Wade pointed out to the officiating crew a technical foul needed to be assessed against St. Bonaventure for its students running on the floor prior to the game ending.

The officials agreed, VCU hit the game-tying technical free throws and won in overtime.

“It wouldn’t have been a technical if our guy hadn’t inbounded the ball,” Wade said. “It was a one in 100 million thing that happened.”

Wade’s familiarity with St. Bonaventure and its coach Mark Schmidt, who is in his 14th season, made it easy this week for Wade to convey to his team what type of challenge they face.

The Bonnies are led by Kyle Lofton, a 6-3 two-time All-A10 first-team guard and Osun Osunniyi, a 6-10 center with a 7-foot 8-inch wingspan who’s the A10 tournament MVP and the league’s Defensive Player of the Year.

Lofton averages 14.6 points and scored a team-high 23 in the A10 tourney final. Osunnyi, who had 14 points and 12 points, in the tournament championship game, shoots 56 percent from the field and has a team-high 57 blocked shots.

The challenge for LSU (ranked eighth nationally in scoring averaging 82.1 points) vs. the Bonnies is getting a lead so it can dictate pace of play.

St. Bonaventure is fifth nationally in scoring defense allowing just 60.4 points per game (LSU scored 60 points or less just once this season). Part of the reason for the Bonnies’ stinginess is they’re eighth nationally in field goal defensive percentage (38.9).

Another reason is St. Bonaventure’s offense, ranked 194th nationally in scoring averaging 70.5 points, is intent on helping its defense limit the number of opponent possessions.

“They are very deliberate,” Wade said. “He (Schmidt) is an excellent, excellent, excellent basketball coach. On his offensive sets, he stirs you up, stirs you up, stirs you up for about 10 or 12 seconds to get to actually what he wants to get to.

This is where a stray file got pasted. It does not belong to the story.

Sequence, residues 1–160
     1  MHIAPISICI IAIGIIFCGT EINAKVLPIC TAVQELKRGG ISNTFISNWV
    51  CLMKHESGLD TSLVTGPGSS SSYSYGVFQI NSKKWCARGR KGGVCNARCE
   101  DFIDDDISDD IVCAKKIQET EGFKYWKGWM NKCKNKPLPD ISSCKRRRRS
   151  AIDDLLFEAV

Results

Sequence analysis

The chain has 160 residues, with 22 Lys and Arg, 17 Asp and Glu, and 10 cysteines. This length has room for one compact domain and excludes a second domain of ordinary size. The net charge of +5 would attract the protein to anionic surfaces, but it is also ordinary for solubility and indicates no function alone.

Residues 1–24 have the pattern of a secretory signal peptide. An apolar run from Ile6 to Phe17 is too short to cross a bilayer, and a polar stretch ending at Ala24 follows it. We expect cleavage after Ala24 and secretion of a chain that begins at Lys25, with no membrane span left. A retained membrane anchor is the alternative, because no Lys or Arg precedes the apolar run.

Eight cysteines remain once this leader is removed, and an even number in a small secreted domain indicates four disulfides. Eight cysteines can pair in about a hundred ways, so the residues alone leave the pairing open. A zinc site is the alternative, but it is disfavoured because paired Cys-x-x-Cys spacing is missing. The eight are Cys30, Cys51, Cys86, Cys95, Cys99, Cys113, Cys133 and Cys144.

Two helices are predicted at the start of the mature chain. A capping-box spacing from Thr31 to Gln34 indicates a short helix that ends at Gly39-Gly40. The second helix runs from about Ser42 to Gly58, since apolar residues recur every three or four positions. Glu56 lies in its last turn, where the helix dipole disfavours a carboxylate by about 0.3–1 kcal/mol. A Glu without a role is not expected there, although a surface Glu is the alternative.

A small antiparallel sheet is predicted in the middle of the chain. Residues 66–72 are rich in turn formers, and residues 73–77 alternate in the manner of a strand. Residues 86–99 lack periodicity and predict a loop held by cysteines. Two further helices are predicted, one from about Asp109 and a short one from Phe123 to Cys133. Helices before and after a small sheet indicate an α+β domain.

“We’ve got to defensive rebound. You can guard them for 24 or 26 seconds, they miss the shot, you’ve got to get that and go. If they get another (immediate possession), they may just kick it out and run clock again for another 20 seconds. If we’re not careful and disciplined, we could end up playing defense for 32 minutes and play offense for eight minutes.”

It’s the exact style of team that can drive LSU crazy because the Tigers thrive on number of possessions.

More often than not, LSU’s offense might pull the trigger on shots that make old-school basketball purists shake their heads. But then again, the Tigers create 13.4 turnovers per game with active defense that gets its hands in plenty of passing lanes.

“We take some tough shots,” Wade admitted. “But we give our guys a lot of confidence and a lot of freedom on the offensive end. We do that knowing we’re going to be playing 73, 75 possessions a game. We haven’t played a (sub) 70-possession game since early January. I track that (number of possessions) during a game and what we’re on pace for.”

Schmidt understands exactly what his team has to do to beat LSU.

“If we can keep the game in the 60s, we’re going to have a good chance to win,” Schmidt said earlier this week. “Yeah, it’s that simple, but it’s hard to do. If it gets in the 80s, then not as much. The question is how do you do that?

“We’ve got to control tempo. But it’s hard when they’re pressuring you, and they’re switching off screens. And we’ve got to be able to guard them. We’ve got to try to keep the game in the half court as much as we can against a team that really wants to push it.”